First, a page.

How could they? “To do something like The Buying of the President took hundreds of interviews, 53 researchers and edi­tors,” Lewis told me. “No traditional news organization would ever do that.”

Lewis and his team may be the model for a new generation. If Big Media declines, public-spirited foundations and wealthy individuals may increasingly see organizations such as the Center for Public Integrity as one of the only ways to empower an informed citizenry.199

The Wiki Media Phenomenon

The Wiki is a profoundly democratized form of online data gathering. In February, 2004, Wikipedia,200 one of the world’s most comprehensive online reference sites, created and operated by volunteers, published its 500,000th article. More precisely, one of the site’s contributors published the article.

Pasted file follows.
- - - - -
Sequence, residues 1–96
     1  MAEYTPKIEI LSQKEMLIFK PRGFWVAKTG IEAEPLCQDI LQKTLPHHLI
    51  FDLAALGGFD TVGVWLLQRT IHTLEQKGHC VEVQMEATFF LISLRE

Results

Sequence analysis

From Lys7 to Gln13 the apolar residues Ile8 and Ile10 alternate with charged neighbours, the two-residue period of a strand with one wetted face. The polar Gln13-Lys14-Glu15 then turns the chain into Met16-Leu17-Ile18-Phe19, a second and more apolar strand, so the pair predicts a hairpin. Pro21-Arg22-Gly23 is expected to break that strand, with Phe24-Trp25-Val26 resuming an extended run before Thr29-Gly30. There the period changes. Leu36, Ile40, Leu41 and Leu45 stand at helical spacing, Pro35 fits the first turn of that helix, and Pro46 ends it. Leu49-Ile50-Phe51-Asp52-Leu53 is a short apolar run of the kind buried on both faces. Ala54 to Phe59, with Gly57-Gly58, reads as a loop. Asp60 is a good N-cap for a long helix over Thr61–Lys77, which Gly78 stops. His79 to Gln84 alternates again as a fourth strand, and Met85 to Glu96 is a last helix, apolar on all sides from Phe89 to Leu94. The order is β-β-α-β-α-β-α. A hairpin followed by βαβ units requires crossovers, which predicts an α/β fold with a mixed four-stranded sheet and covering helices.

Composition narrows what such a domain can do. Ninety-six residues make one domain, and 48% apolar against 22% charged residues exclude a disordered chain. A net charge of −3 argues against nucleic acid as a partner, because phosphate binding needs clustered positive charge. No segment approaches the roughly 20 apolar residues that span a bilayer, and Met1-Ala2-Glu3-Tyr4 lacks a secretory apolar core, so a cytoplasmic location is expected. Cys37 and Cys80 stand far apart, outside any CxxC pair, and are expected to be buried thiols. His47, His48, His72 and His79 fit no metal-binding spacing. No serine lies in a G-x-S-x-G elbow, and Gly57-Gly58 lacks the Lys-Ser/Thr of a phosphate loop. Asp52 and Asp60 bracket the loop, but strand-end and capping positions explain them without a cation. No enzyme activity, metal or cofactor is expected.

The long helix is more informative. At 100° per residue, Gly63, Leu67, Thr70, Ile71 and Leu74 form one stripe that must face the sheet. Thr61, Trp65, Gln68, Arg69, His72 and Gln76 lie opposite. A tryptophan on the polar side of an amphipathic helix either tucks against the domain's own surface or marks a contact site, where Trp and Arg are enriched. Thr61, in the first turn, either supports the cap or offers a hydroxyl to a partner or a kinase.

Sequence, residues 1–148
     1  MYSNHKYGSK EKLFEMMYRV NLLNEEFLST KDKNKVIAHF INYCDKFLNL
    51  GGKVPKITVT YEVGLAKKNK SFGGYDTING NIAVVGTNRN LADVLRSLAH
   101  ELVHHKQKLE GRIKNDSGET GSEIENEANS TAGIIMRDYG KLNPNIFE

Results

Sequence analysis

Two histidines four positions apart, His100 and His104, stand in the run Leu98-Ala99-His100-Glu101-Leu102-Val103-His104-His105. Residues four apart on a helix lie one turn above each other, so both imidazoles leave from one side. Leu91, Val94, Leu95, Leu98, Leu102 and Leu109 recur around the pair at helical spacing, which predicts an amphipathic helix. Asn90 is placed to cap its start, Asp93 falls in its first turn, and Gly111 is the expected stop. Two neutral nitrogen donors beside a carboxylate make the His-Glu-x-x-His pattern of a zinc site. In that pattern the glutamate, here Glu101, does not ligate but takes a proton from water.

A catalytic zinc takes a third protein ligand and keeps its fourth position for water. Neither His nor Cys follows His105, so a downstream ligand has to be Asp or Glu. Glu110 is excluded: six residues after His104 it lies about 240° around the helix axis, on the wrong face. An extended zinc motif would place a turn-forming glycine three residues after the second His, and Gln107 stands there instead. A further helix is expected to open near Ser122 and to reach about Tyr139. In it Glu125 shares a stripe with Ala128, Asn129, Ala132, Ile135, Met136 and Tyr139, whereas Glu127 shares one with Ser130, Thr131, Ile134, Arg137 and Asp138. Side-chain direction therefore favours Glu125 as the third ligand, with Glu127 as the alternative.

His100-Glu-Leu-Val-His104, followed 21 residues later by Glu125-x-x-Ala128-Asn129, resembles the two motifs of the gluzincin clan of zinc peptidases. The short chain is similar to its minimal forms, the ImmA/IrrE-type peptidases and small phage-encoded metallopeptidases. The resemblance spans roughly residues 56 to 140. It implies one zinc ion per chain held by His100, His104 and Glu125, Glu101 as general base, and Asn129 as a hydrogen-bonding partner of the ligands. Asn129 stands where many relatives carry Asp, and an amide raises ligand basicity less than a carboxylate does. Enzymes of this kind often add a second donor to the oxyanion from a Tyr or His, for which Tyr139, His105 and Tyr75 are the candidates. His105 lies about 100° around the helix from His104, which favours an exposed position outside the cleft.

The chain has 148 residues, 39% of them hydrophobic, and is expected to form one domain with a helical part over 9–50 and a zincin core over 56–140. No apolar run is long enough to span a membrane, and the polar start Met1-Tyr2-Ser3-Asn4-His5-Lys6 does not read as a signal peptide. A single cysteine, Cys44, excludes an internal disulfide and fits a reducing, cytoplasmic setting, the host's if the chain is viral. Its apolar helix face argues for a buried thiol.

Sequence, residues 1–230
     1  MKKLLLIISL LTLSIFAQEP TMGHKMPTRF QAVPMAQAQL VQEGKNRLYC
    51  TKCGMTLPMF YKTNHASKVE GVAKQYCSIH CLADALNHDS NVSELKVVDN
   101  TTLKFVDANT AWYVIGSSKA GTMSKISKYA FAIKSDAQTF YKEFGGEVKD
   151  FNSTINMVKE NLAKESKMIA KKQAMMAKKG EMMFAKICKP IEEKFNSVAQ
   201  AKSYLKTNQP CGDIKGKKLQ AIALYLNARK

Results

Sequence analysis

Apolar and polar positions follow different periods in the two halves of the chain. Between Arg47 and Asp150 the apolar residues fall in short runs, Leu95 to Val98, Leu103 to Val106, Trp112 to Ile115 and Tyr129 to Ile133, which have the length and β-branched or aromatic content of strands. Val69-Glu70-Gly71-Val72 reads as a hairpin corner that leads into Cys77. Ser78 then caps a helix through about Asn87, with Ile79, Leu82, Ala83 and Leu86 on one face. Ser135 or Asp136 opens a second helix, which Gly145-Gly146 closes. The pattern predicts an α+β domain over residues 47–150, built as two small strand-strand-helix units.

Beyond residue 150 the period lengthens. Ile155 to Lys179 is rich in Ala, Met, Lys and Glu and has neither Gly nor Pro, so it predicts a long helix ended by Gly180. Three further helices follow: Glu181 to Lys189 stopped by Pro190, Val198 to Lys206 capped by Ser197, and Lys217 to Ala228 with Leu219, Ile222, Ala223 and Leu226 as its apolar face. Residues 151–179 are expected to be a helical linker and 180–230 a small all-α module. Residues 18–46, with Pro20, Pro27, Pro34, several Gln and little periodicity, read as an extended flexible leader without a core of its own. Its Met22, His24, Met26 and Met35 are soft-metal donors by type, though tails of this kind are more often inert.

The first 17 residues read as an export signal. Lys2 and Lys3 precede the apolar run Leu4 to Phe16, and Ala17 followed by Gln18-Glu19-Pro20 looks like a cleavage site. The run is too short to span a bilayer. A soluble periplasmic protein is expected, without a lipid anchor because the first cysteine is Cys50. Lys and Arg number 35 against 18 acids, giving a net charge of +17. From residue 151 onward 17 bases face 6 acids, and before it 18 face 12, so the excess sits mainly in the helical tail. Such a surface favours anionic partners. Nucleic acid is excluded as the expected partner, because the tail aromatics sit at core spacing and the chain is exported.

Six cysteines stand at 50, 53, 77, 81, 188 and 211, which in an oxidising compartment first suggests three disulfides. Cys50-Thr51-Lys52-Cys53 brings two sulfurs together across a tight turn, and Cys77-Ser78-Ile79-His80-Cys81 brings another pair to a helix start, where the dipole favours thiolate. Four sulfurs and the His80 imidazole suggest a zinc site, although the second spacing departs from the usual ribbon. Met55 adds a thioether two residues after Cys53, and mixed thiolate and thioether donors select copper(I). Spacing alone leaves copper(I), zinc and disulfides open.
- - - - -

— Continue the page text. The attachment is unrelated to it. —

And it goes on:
Wikipedia is one of the most fascinating developments of the Digital Age. In just over three years of existence it has become a valuable resource and an example of how the grass­roots in today’s interconnected world can do extraordinary things. It is a model of participatory media quite unlike any other, and is a natural extension of the Web’s capabilities in the context of journalism.

On the surface, the notion is bizarre—and certainly will chill the typical professional journalist. Why? Because almost anyone can be a contributor to the Wikipedia. Anyone can edit any page. (Only serious misbehavior gets people banned.) Thou­sands of people around the world have added their expertise, voice, and passion, and new volunteers show up every day.

It defies first-glance assumptions. After all, one might imagine, if anyone can edit anything, surely cyber-vandals will wreck it. Surely flame wars over article content will stymie good intentions. And, of course, the articles will all be amateurish nonsense. Right?